The Bikes Way

bike chain slipping when pedaling hard

Bike Chain Slipping When Pedaling Hard: Cause and Prevention

As cyclists, you were maintaining our bikes is essential for a smooth and safe ride. There are many small details to remember when cleaning, lubing and fixing your bike, especially if you ride it every day. One of the trickiest things to deal with is keeping your chain from slipping while you’re riding. No matter how smoothly your gears shift or how well-oiled your chain is, slippage can get annoying fast! Luckily, there are many ways to prevent slipping on your chain and fix it if you start to fall. Let’s review everything you need to know about preventing and curing slipping on your bike chain.

Why Does My Bike Chain Slip?

There are a few reasons your bike chain might slip when pedalling hard. One reason is that the chain might be too loose; due to this, it may spin freely and not engage with the teeth on your cog or chainring. Another reason for chain slipping is that the chain might be dirty or rusty. If the chain is dirty or rusty, it can cause the gears to slip, resulting in a loss of power and speed, which is bad, especially when trailing uphill. Lastly, if the bike chain is not properly lubricated.

Rusted chain and chainrings
Rusted chain and chainrings

5 Checks For Preventing Slipping on Your Chain

1. Check Your Chain and Cassette

A lot of the time, slippage can occur when the chain becomes loose or when the cassette teeth become worn. If the chain is loose, it can fall off of the cog, causing the chain to skip. If the cassette teeth become worn, they can no longer grip the chain, causing the chain to slip. To prevent chain slippage, make sure that the chain is tight and that the cassette teeth are not worn.

2. You Have the Wrong Amount of Lube

Many factors can cause chain slippage, but one of the most common is using too much or too little chain lube. Using too much chain lube can build up on the chain and cause the links to slip past each other, resulting in a loss of power. Too little chain lube can cause the chain to dry out and become brittle, leading to slippage. To avoid it, you can check your chain for lube by putting it in your hand and turning it. If you notice lube dripping down your hand, you have too much on there. You should clean off the area above the chain, lubricate it, and then let it sit for a few hours so the chain can absorb the lube. After that, it should be fine. If your chain is too dry, you can clean it off and add more lube.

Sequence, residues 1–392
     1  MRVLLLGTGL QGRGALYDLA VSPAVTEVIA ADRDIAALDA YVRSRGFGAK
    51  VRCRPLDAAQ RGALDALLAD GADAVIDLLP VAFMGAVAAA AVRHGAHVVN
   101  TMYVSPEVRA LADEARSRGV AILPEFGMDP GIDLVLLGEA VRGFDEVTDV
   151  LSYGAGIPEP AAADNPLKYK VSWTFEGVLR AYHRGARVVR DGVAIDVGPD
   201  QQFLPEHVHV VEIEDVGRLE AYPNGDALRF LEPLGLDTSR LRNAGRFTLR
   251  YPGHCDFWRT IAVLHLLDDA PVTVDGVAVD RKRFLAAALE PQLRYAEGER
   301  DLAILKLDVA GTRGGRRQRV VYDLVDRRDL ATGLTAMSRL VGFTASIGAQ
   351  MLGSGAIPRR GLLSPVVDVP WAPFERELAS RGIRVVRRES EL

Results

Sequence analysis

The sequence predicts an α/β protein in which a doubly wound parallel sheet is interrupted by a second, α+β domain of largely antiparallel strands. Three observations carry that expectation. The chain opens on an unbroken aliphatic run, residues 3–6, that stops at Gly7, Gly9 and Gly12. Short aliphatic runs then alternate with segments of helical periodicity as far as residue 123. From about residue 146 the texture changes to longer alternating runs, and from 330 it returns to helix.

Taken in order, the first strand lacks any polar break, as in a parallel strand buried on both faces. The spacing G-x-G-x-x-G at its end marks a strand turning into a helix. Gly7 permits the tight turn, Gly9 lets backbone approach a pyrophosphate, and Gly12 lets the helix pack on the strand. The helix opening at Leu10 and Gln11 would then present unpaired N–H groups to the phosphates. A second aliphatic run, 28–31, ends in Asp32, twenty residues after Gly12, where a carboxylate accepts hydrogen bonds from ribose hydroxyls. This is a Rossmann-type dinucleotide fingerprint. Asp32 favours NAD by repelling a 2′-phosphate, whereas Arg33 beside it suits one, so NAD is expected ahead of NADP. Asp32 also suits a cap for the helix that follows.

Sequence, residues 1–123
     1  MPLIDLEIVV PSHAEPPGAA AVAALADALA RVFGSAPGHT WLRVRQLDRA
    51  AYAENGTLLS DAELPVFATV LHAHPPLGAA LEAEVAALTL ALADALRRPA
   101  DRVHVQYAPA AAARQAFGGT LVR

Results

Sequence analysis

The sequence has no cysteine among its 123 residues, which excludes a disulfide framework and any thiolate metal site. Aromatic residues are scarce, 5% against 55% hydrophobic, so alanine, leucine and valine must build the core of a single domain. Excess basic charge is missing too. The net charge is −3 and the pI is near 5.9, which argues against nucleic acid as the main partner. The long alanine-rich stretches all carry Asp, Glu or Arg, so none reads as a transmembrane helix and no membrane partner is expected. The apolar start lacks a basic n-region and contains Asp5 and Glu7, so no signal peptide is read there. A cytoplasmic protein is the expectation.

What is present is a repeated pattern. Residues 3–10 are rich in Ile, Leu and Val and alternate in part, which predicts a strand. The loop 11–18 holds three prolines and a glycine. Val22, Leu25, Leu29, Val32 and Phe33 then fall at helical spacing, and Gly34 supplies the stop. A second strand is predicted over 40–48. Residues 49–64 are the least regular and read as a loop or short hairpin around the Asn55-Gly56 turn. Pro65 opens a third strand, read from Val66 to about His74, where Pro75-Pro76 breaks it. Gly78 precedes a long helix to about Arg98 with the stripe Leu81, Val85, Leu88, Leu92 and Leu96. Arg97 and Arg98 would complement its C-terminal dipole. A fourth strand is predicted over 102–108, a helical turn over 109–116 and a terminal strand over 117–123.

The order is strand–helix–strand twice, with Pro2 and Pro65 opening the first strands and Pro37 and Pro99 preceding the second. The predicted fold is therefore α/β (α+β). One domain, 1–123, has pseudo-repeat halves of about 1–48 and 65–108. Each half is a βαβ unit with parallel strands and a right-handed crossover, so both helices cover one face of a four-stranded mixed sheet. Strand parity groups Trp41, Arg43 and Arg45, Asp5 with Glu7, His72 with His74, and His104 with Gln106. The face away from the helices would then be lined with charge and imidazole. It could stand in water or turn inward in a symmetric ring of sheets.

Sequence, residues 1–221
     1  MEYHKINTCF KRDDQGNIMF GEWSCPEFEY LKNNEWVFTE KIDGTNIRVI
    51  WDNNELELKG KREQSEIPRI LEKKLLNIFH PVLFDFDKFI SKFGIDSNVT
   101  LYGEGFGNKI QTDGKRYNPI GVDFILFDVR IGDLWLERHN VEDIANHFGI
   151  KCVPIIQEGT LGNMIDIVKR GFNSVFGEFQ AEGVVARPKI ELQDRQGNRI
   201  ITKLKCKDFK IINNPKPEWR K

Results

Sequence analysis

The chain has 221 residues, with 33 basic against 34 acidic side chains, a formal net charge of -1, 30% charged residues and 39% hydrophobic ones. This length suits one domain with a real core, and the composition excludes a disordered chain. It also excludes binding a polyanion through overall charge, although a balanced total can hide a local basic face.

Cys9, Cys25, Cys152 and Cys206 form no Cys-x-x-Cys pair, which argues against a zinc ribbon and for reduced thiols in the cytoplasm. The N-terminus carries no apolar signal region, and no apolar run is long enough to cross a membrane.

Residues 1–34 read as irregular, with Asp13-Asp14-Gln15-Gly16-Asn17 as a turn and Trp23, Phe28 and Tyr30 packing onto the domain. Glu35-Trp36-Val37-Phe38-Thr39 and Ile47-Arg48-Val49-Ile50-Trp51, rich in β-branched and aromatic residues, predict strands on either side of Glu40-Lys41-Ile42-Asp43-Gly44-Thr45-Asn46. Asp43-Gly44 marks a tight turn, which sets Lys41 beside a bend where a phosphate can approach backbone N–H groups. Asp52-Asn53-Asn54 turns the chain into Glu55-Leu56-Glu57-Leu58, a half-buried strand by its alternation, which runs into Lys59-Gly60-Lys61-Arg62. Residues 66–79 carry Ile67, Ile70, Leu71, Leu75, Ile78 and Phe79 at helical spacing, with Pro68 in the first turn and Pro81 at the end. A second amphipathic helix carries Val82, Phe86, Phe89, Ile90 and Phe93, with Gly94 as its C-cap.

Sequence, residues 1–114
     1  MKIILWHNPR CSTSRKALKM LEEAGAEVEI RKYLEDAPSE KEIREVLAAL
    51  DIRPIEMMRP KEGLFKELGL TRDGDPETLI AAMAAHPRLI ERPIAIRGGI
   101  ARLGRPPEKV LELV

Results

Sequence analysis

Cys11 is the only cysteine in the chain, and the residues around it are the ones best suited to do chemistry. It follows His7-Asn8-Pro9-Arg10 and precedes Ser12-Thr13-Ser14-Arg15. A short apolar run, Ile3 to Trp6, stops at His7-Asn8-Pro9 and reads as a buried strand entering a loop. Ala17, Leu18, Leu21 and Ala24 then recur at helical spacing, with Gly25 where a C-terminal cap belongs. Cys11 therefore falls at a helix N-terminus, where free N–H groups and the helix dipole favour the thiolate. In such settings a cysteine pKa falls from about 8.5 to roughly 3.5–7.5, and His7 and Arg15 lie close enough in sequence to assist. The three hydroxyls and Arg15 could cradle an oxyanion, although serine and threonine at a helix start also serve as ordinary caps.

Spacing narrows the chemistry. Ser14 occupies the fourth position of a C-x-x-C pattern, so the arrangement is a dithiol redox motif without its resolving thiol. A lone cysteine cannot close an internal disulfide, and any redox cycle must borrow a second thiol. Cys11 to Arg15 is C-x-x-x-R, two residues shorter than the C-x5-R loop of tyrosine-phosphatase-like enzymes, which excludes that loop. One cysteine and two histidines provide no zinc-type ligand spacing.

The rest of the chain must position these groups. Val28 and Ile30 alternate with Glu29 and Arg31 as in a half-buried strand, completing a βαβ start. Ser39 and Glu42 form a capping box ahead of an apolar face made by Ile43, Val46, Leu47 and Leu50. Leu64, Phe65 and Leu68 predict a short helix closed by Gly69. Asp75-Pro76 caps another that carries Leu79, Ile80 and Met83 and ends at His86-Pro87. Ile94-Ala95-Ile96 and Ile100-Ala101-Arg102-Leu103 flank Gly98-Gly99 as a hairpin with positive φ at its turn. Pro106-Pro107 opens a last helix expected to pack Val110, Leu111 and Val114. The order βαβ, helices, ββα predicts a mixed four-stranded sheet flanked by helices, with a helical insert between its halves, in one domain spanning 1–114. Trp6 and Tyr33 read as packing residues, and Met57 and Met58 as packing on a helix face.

Lubricated cassette and chain
Lubricated cassette and chain

3. Check Your Chain Length

Make sure your chain is the right length. If the chain is too long, it can become tangled and not mesh correctly with the teeth on the cog and chainring, which causes the chain to slip off the sprocket. You can check the size of your chain with a ruler or a chain checker.

Bike Chain
Bike Chain

4. You’re riding with the wrong Gears.

If you’re trying to shift into a gear that your bike doesn’t have, the chain isn’t going to go into the cog correctly. It’s going to either get stuck or fall off. This is common if you’re riding a bike with gears you aren’t used to. You might not be shifting with the right sequence or pushing the levers down.

5. Your cogs are dirty.

Cogs are the teeth on the rear sprocket of a bike that help drive the chain forward. Over time, they can become clogged with dirt and debris, which can cause the chain to slip or jump off the cog. So, keeping your cogs clean and free of debris is important. You can use a brush or rag to wipe them down after each ride or a special degreaser designed for bike chains

Bottom line

Keeping your chain clean, well-oiled and properly lubricated will help prevent slipping. You can also use a chain cleaner to keep your chain extra clean. If your chain is too loose, too tight or too short, it will start to slip and may cause damage to your drive train. Make sure your chain is the right length. If it isn’t, it may not mesh correctly with the teeth on the cog and chainring. You can also try adjusting the rear derailleur to give your chain a bit more slack so it can mesh with the cogs and chainring.

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